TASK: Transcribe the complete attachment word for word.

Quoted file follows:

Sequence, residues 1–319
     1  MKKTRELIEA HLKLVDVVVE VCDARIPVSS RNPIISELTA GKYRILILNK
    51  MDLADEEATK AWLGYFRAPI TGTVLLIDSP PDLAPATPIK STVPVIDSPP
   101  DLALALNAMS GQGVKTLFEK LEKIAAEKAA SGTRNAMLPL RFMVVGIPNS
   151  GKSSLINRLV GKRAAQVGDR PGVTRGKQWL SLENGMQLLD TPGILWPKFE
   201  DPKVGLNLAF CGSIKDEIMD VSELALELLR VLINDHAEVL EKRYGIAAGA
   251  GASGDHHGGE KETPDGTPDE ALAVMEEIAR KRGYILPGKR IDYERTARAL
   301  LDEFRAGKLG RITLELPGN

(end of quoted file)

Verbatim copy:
Sequence, residues 1–319
     1  MKKTRELIEA HLKLVDVVVE VCDARIPVSS RNPIISELTA GKYRILILNK
    51  MDLADEEATK AWLGYFRAPI TGTVLLIDSP PDLAPATPIK STVPVIDSPP
   101  DLALALNAMS GQGVKTLFEK LEKIAAEKAA SGTRNAMLPL RFMVVGIPNS
   151  GKSSLINRLV GKRAAQVGDR PGVTRGKQWL SLENGMQLLD TPGILWPKFE
   201  DPKVGLNLAF CGSIKDEIMD VSELALELLR VLINDHAEVL EKRYGIAAGA
   251  GASGDHHGGE KETPDGTPDE ALAVMEEIAR KRGYILPGKR IDYERTARAL
   301  LDEFRAGKLG RITLELPGN